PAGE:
Also, home cultivation would be allowed. Licenses may be required for any sort of cultivation, but these would be for registration purposes only and subject to nominal fees based on the number of plants involved. Individuals and corporations would be allowed to make whatever profits they can through competition. Tax revenues would fund treatment, prevention, education and enforcement programs. Competition and market forces would structure the market rather than licenses or government edicts, and regulatory agencies rather than law enforcement would supervise market activity.
A Different Approach
There are two key issues when it comes to deciding among these proposals. First, should the price of marijuana be kept high through government intervention in order to discourage underage use as well as abuse? Second, does commercialization translate into corporate money being spent to convince teenagers to use marijuana? Many of the proposals for how a legal market should operate are based on assumptions about these two issues, which leads to recommendations that the government must, one way or another, direct and control the marijuana market.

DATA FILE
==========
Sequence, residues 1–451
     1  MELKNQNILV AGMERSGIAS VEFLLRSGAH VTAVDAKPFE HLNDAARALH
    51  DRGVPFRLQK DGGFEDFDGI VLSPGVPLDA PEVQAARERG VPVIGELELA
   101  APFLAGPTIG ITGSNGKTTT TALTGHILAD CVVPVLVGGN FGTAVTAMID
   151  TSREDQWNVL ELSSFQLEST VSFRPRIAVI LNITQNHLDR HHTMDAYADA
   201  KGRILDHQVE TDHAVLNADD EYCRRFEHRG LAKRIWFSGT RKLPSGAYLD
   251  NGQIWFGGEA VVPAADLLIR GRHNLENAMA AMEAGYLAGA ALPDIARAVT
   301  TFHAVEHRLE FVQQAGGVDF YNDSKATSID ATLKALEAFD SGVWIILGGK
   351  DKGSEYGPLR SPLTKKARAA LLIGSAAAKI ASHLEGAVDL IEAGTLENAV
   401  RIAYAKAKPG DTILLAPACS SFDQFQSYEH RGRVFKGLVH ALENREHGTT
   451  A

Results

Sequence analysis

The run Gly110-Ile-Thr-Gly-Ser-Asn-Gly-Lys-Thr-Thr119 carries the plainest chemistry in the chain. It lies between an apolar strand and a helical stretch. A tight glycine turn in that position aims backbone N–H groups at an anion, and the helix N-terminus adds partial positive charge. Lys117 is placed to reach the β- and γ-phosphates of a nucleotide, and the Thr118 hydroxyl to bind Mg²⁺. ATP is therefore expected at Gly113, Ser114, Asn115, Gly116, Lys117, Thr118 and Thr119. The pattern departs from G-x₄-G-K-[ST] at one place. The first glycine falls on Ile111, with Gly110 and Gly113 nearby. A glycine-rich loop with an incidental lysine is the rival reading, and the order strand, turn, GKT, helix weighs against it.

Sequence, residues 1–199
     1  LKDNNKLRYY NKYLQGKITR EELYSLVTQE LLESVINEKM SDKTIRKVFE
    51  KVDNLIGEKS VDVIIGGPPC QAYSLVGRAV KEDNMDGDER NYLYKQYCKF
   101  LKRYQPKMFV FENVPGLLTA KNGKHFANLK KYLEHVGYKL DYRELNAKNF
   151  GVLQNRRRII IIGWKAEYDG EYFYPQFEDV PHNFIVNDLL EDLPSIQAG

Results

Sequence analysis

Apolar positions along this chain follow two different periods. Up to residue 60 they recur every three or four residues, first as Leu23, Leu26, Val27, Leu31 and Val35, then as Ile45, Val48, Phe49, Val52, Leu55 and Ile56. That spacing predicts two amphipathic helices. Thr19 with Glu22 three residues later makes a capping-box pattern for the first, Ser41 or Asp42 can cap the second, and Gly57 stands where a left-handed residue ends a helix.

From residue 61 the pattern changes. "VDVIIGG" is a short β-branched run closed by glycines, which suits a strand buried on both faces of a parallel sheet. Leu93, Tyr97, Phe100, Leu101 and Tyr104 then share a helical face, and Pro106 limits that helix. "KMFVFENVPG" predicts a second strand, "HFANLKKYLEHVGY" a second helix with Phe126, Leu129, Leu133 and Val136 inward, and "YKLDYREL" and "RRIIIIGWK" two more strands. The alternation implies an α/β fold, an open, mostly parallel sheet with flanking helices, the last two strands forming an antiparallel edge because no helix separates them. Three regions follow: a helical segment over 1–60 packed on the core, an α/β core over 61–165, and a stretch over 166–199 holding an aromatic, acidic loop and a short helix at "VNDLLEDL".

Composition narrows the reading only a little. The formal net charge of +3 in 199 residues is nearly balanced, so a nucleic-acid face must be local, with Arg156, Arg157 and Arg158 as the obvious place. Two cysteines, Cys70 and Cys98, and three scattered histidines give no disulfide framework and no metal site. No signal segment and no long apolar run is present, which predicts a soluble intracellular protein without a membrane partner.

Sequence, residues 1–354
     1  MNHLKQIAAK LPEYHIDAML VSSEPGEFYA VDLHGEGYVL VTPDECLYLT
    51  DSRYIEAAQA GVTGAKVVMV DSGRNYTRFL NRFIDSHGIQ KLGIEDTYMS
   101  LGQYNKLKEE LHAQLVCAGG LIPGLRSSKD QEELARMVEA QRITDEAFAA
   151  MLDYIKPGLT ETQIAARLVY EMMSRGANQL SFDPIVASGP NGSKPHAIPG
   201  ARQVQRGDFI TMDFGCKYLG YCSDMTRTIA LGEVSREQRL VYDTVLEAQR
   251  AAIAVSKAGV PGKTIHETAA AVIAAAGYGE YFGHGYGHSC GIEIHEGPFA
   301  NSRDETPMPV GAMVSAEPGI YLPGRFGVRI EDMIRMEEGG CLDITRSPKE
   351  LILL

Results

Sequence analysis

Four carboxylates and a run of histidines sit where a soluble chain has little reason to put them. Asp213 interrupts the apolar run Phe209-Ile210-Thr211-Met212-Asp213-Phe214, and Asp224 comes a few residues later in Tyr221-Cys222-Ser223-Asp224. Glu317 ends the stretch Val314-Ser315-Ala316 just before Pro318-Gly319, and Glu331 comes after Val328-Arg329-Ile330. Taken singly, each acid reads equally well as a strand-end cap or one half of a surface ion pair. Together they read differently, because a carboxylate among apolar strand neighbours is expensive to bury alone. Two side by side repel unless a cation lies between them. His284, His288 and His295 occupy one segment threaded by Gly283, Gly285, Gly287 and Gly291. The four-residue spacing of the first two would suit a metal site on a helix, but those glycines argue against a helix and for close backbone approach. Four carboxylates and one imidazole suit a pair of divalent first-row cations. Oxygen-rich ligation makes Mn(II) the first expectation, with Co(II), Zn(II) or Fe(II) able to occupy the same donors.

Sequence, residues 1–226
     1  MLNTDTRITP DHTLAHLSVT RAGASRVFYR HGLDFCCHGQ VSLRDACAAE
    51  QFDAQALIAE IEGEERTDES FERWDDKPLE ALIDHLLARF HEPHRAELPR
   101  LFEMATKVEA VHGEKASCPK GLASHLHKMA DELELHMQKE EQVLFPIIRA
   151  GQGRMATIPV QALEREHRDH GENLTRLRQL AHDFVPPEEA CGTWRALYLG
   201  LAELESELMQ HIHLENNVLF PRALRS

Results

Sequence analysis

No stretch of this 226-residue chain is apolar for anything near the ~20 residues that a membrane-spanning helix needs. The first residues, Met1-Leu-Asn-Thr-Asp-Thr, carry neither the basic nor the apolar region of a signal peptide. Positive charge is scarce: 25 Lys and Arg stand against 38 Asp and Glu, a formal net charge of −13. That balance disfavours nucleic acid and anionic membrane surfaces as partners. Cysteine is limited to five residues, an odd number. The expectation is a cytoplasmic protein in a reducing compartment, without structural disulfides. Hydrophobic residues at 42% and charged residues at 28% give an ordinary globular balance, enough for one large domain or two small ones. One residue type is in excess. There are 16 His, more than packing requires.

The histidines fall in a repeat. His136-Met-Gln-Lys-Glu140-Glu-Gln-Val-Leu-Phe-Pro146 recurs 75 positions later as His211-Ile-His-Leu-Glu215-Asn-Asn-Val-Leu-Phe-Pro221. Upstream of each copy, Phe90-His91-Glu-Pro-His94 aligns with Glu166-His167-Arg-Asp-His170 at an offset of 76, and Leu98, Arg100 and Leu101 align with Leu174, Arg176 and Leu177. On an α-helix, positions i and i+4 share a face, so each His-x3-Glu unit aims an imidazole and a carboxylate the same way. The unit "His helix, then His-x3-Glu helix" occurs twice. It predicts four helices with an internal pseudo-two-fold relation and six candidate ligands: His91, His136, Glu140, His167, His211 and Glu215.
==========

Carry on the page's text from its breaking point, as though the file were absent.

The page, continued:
Obviously, the first two proposals outlined above reflect those very concerns. The third takes a different approach, in which marijuana is treated like similar psychoactive commodities, and the public relies on education, prevention and age limits to discourage underage use as well as abuse.
We want to know what type of legal marijuana market you prefer. Please take part in our poll on the HIGH TIMES website.